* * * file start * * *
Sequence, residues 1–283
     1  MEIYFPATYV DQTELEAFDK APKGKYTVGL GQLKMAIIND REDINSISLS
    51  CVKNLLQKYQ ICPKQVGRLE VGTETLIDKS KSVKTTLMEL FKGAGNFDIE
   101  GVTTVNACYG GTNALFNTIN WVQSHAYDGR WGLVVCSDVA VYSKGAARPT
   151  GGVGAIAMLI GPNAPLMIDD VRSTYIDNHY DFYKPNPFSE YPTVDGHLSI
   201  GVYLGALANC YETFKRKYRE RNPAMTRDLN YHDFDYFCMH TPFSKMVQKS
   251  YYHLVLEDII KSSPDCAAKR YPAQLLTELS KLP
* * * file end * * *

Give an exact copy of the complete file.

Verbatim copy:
Sequence, residues 1–283
     1  MEIYFPATYV DQTELEAFDK APKGKYTVGL GQLKMAIIND REDINSISLS
    51  CVKNLLQKYQ ICPKQVGRLE VGTETLIDKS KSVKTTLMEL FKGAGNFDIE
   101  GVTTVNACYG GTNALFNTIN WVQSHAYDGR WGLVVCSDVA VYSKGAARPT
   151  GGVGAIAMLI GPNAPLMIDD VRSTYIDNHY DFYKPNPFSE YPTVDGHLSI
   201  GVYLGALANC YETFKRKYRE RNPAMTRDLN YHDFDYFCMH TPFSKMVQKS
   251  YYHLVLEDII KSSPDCAAKR YPAQLLTELS KLP